After the whole patterns is done, water should be applied lightly on the wood to swell it, gripping the wire tightly in the process. Applying some heat with a hairdryer to dry the wet surface will improve the end result too. Then just use fine sandpaper to make all the wires flush with the wood.
This really gives you all new appreciation for jewelers and other fine craftspeople. Inlay takes a LOT of concentration and time with not a much room for error.
I once tested a cheat inlay where you pack the channel with metal powder (I used brass) and saturate it with super glue, after which you can sand and polish to a decently convincing finish. I haven't actually applied it to a project though.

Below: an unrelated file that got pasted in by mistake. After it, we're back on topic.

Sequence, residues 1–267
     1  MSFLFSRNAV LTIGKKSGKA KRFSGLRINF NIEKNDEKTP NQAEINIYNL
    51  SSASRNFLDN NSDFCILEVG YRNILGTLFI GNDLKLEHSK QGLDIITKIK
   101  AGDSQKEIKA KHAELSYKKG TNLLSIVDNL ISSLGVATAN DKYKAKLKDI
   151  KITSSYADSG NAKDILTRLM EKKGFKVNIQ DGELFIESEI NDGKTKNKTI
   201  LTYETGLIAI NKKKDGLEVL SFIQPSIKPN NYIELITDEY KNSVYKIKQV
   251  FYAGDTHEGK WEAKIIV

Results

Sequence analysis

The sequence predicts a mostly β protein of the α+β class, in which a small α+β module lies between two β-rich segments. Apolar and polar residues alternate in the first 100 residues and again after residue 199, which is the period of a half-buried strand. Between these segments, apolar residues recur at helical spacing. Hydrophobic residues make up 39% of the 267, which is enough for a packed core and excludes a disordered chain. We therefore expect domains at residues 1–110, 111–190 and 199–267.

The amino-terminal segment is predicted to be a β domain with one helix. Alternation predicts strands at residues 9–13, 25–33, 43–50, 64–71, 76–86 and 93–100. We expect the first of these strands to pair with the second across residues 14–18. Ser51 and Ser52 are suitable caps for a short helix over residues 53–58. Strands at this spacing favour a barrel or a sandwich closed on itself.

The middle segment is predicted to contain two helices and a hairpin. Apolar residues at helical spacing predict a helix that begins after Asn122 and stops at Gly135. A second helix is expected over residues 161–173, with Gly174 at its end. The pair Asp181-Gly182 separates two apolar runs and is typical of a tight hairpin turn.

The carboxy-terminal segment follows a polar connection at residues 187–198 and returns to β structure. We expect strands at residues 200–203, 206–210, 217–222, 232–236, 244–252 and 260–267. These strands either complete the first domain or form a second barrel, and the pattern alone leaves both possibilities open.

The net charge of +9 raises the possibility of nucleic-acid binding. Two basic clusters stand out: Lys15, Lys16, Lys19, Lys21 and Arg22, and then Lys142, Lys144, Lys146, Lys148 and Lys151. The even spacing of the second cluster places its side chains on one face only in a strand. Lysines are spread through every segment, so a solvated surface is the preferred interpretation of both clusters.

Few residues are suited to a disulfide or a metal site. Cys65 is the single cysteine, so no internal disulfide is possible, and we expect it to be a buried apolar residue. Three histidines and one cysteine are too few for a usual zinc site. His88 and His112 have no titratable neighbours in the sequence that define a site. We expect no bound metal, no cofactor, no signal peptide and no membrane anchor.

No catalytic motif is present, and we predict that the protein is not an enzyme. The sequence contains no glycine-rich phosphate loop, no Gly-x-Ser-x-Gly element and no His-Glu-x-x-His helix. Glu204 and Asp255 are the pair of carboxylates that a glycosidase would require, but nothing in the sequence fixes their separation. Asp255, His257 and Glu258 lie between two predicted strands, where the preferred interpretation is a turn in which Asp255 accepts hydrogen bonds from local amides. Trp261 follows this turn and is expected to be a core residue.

Thanks Jacob! I hadn't considered or even heard about a method like that but it sounds like it could work just as well. I'm not sure how the superglue would affect to wood around it and what finish you could expect but there's certainly uses for it.
Took a while but I managed it:
I'd say it looks good enough from a distance, but when you view it closer up you can tell it wasn't made by a master craftsman:
Some lines aren't quite straight and there's wonky edges here and there not to mention the general asymmetry to the pattern... but that might just be me being too harsh about the standard of craftsmanship. Also, there's still the application of water and general clean up of the pattern to come which will make it look much cleaner yet. I can already see the finish line approaching for this piece of the costume so stay tuned!